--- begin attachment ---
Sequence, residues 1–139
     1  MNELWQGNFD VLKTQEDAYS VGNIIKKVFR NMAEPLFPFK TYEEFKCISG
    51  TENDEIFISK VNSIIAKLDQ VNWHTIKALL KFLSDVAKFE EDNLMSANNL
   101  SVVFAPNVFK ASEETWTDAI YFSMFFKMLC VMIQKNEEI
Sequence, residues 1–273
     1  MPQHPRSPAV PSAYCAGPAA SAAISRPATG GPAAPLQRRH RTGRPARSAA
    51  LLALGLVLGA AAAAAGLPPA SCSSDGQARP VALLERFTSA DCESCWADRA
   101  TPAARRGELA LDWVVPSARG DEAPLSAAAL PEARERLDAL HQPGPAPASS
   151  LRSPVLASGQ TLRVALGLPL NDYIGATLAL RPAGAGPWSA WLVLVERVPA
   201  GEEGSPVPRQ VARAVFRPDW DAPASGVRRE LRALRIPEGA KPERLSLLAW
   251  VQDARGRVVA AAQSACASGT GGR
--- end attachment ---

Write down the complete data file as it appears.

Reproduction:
Sequence, residues 1–139
     1  MNELWQGNFD VLKTQEDAYS VGNIIKKVFR NMAEPLFPFK TYEEFKCISG
    51  TENDEIFISK VNSIIAKLDQ VNWHTIKALL KFLSDVAKFE EDNLMSANNL
   101  SVVFAPNVFK ASEETWTDAI YFSMFFKMLC VMIQKNEEI
Sequence, residues 1–273
     1  MPQHPRSPAV PSAYCAGPAA SAAISRPATG GPAAPLQRRH RTGRPARSAA
    51  LLALGLVLGA AAAAAGLPPA SCSSDGQARP VALLERFTSA DCESCWADRA
   101  TPAARRGELA LDWVVPSARG DEAPLSAAAL PEARERLDAL HQPGPAPASS
   151  LRSPVLASGQ TLRVALGLPL NDYIGATLAL RPAGAGPWSA WLVLVERVPA
   201  GEEGSPVPRQ VARAVFRPDW DAPASGVRRE LRALRIPEGA KPERLSLLAW
   251  VQDARGRVVA AAQSACASGT GGR